Jonathan Woetzel: I think that’s fair. The ICOR, or the incremental capital-output ratio—in other words, the amount of bucks that you have to put in to get a certain amount of bang—has been going up quite a lot. To quote one very senior Chinese finance official, essentially, this is because everything is more expensive. Plus, you don’t have as much low-hanging fruit. Back in the day, when we first started off the investment, we were sort of urbanizing Shanghai and Beijing. Now you’re urbanizing Guangzhou. It’s just not the same.
Nick Leung: So basically, like everything else, it got more expensive. Stimulus became more expensive.
Gordon Orr: Let me stand up for Guangzhou. There are many leading-edge data centers and the like transforming the economy down there. But I think what you’re both getting at is the problem with any stimulus—is ending a stimulus, all stimuluses have to end at some point in time. There’s pain that’s associated with it, and there’s different ways of exiting. In the China way of exiting, pulling back particularly the informal credit channels into the economy, whether it’s the shadow banking, peer-to-peer lending, or the like, has really dented not just the confidence, but the ability to operate for some types of players.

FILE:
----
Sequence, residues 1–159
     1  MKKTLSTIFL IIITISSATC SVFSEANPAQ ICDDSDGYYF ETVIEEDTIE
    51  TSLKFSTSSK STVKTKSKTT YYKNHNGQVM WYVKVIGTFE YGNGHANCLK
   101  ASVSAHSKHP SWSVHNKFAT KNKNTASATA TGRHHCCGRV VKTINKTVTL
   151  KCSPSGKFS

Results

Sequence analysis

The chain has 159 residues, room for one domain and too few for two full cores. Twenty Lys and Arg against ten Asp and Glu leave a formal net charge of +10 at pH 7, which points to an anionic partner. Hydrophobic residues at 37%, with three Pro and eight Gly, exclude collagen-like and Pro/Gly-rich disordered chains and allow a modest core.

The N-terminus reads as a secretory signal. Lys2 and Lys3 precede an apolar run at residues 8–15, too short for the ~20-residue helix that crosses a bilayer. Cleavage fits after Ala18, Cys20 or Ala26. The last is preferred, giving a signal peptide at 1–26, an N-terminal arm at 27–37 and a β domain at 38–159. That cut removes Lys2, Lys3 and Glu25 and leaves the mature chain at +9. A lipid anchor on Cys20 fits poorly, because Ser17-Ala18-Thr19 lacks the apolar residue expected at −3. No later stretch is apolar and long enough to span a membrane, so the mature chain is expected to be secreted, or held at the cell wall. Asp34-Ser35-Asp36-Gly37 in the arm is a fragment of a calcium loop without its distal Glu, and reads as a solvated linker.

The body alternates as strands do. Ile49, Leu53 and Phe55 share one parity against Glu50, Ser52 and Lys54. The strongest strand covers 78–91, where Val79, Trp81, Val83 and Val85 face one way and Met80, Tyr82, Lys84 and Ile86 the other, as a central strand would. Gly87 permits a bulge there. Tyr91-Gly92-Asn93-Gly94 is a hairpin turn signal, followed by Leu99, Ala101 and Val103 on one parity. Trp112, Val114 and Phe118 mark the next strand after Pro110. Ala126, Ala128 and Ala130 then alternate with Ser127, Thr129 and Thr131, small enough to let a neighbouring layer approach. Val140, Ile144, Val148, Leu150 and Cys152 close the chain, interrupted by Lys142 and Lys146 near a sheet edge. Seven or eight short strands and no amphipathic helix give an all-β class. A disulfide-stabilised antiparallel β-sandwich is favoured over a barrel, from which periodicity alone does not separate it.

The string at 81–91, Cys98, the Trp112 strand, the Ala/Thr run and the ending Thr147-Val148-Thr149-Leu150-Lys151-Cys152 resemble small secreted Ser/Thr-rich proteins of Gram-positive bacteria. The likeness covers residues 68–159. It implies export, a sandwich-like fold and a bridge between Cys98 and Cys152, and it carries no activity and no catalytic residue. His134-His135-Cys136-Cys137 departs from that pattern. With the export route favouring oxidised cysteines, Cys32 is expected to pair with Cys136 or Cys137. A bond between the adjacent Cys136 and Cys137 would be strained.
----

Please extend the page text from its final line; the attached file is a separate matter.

Midsize industrial companies got very excited about where their share price had gotten to, and then the owner pledged their shares, went off, and invested that money in new ventures that may pay off at some point in the future but haven’t yet; their share price has gone down by half. The banks are saying, “Come on guys, we need some security here.” They’re in deep trouble.
Nick Leung: That’s absolutely one of the things we see, but that’s again looking forward.
One of the things I just want to make sure, before we get to the look-forward picture, Gordon, is also to slay one particular falsehood, or fake news perhaps is a better phrase for it, which is that this is all driven by the Trump trade war. That somehow the correlation between the tariff threats has something to do with the slowdown in China. Of course, this has been much trumpeted across the world, and we don’t see it like that.